Posts Tagged ‘Christmas’

If you’re still shopping, consider stopping by a consignment shop to find unique gifts for just about anyone. Use platters and soup tureens to hold delicious homemade cookies, store-bought scones from  your favorite bakery, or wrap up a collection of your favorite jams.
A couple of weeks ago, I did some holiday shopping at one of my favorite stores here in town. Twin Elm Farm is a group shop that is filled with all kinds of goodies including antiques, vintage-inspired items, handmade items, and gifts of every size, color, and price tag. I had my eye on a beautiful black chest of drawers, a cloth purse, several glass blown ornaments, and a few other last minute stocking stuffers I can’t post about (Shhh). I walked out with the ornaments and stocking stuffers. We’ll see what Santa leaves me under the tree.

What I love most about this store is the ever changing displays.The mix of old and new is always a pleasing way to embellish various items. Throw in a few organic (whether real or faux) materials, and it all comes to life. Some consigners come and go, while my favorites keep stocking their shelves with interesting and unique finds. Not all rooms are alike, and just like in conventional retail stores, it really does make a difference in how you display merchandise. I was itching to get my hands on some of the displays just to spruce them up a bit.

Here are some of my favorites to inspire your holiday décor.

Containers of every kind make great holiday gifts. They can be used as vases for flowers, to hold candy canes, or even candles. And ornaments always make a great gift. Pillows and throws in mad about you plaid will look lovely in anyone’s winter home. Holiday decorations themselves make a great gift. A beautiful wreath, a small tree, even berry branches (real or faux) can be used all winter long. And don’t forget the container (like the boxes below and the silver pieces above, as mentioned) are gifts all on their own. Fill them with small goodies and tie them all up in ribbon-tied jingle bells.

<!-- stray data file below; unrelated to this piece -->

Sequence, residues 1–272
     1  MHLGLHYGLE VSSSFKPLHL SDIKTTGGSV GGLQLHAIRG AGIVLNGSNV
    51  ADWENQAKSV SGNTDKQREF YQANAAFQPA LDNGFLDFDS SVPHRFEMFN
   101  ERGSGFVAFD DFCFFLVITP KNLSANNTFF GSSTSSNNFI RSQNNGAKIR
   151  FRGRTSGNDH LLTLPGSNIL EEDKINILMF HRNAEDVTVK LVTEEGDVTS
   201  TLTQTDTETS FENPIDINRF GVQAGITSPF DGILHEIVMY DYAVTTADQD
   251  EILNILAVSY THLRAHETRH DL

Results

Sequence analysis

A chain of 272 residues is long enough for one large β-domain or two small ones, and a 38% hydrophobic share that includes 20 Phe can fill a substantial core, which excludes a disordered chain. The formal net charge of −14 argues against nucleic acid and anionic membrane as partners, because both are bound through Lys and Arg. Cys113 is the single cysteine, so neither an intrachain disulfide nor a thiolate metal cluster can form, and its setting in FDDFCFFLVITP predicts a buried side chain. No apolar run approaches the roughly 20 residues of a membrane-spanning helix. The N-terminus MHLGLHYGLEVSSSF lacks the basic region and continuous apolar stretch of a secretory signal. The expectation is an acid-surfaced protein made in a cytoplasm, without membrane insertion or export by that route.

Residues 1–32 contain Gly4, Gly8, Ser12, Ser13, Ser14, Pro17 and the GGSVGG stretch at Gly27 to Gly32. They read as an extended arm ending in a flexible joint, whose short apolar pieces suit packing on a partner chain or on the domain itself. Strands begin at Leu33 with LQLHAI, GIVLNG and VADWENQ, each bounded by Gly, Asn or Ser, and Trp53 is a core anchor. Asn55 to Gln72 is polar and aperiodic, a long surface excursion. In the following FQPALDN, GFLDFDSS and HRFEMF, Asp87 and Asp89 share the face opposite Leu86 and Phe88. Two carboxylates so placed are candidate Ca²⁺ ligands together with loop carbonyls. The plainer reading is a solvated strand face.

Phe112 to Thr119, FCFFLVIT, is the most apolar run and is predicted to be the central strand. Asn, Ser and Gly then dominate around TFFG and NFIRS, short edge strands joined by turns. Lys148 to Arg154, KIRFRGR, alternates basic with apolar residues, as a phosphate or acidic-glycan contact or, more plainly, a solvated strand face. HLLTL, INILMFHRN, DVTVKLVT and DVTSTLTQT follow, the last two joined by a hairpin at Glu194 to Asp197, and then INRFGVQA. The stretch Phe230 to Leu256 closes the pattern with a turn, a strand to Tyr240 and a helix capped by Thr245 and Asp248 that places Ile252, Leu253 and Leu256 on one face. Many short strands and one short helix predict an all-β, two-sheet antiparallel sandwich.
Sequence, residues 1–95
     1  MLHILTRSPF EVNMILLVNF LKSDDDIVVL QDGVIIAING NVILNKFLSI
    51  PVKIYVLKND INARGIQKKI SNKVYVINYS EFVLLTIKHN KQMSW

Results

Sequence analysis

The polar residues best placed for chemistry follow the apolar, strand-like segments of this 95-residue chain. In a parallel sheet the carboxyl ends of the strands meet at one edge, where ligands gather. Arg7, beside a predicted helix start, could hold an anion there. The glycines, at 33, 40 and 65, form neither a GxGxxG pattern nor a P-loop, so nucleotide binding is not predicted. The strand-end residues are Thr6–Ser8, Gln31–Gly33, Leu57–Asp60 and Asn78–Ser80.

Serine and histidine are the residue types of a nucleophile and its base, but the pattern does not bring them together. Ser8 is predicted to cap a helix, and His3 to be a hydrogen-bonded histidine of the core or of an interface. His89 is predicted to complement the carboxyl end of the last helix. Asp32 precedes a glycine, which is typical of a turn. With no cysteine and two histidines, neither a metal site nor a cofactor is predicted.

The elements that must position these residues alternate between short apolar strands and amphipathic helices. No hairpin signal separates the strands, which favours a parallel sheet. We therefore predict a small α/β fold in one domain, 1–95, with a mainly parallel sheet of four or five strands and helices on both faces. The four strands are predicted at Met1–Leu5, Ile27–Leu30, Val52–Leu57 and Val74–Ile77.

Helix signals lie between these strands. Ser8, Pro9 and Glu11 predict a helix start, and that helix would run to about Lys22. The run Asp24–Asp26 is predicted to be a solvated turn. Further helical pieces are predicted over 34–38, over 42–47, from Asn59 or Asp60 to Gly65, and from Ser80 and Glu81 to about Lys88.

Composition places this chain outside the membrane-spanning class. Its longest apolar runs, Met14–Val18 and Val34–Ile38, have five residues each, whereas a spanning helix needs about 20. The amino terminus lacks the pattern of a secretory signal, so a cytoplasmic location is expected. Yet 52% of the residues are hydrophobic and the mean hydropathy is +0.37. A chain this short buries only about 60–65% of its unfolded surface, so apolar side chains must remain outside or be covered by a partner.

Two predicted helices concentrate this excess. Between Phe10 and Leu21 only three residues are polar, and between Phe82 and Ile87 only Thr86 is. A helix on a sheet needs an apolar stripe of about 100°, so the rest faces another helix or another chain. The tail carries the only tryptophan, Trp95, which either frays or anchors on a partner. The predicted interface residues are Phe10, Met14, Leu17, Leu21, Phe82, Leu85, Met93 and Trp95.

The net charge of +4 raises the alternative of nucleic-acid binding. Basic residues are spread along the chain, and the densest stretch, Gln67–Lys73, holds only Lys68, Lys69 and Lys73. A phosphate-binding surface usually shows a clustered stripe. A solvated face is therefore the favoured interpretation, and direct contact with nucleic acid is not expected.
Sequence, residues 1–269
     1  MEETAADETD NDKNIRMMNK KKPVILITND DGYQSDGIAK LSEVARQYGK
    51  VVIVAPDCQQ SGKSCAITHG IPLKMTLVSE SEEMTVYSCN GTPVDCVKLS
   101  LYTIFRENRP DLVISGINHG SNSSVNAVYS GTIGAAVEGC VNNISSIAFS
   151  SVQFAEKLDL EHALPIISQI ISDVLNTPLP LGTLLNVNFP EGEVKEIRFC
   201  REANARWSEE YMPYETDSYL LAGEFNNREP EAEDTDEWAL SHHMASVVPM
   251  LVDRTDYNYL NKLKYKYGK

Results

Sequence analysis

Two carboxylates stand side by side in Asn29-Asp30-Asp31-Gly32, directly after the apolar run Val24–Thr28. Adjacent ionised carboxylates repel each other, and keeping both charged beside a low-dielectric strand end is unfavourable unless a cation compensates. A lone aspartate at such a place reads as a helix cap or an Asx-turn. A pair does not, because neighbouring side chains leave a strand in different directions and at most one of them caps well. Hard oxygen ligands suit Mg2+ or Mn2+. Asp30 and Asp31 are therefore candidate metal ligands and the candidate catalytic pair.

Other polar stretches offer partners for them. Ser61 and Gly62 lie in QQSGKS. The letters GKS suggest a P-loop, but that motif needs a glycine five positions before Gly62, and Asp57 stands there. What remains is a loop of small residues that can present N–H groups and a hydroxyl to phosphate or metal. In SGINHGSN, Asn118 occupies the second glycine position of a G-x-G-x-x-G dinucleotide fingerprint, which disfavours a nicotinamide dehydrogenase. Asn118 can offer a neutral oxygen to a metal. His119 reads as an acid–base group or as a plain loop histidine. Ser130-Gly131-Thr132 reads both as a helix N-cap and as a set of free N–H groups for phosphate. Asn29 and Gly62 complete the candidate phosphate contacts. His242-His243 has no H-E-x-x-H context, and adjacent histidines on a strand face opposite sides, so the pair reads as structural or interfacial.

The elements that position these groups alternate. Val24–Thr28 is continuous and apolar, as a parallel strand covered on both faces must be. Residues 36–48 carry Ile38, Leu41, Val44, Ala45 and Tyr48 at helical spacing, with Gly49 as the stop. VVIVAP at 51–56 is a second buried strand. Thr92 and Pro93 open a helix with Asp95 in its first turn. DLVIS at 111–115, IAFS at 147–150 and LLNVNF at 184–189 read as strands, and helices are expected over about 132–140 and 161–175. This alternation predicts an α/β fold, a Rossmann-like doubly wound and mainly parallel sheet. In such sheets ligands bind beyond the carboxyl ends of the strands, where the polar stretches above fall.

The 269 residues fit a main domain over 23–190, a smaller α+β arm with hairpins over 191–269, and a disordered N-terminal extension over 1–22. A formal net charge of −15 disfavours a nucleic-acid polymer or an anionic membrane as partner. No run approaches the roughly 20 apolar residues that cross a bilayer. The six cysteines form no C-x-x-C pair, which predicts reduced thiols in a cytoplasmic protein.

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Simple things you can do to make your home merry and bright this holiday season. Like this hot chocolate station. I have a jar of candy canes in a glass hurricane on my kitchen counter for anyone to grab for a quick treat or to use as a stirrer for just about any drink you can think of. Check out this easy recipe for hot chocolate here. (Great gift idea: Set of mugs, homemade hot chocolate mix, cellophane bags each filled with candy canes, mini marshmallows, chocolate kisses, and/or sprinkles.)

Snow globe tutorial can be found over at Pink Pistachio. You don’t even need electric lights. Place a grouping on a table with candles and watch the magic happen. I use kosher salt sprinkled or mixed with white glitter for my snow.

Homemade edible glitter. Use it to top cupcakes or sprinkle it around a cheese platter.

What’s Christmas without cookies? These adorable gingerbread men are even gluten-free. Find the recipe on All Day I Dream About Food.

Don’t forget to deck out your car when you’re decking the halls. I have a wreath with a pretty red bow on my bumper.

Homemade ornaments. These lovely trees are easily made from copies of sheet music (tea-dyed if you’d like) cut into tree shapes and painted with glittery edges. Top with a pretty bow and you’re done. Makes a great gift tag too!

Movie night…and make mine a classic. I know it’s long, but how can you not watch It’s a Wonderful Life at Christmastime? Throw in a bowl of popcorn, turn on the Christmas lights and I’m there.

Images not credited via houzz.comjohnlewis.com, its a stamp thing


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My Christmas and holiday cards are finally signed, sealed, and (almost) delivered. Each year as we receive cards from family and friends, I place each one over the top of my 3-panel glass kitchen door starting with the first card we receive. Some years cards get squeezed in behind or beside others creating a very festive topper to my door which is really one big giant window that looks out into my back yard. Once the holidays are over, I save my cards to re-use as decorations. My keepsakes are then used in frames as holiday art to be placed on the bookshelf or on tabletops. I also tuck in a few in the Christmas tree branches. Here are a few more ways to display and reuse your cards from year to year…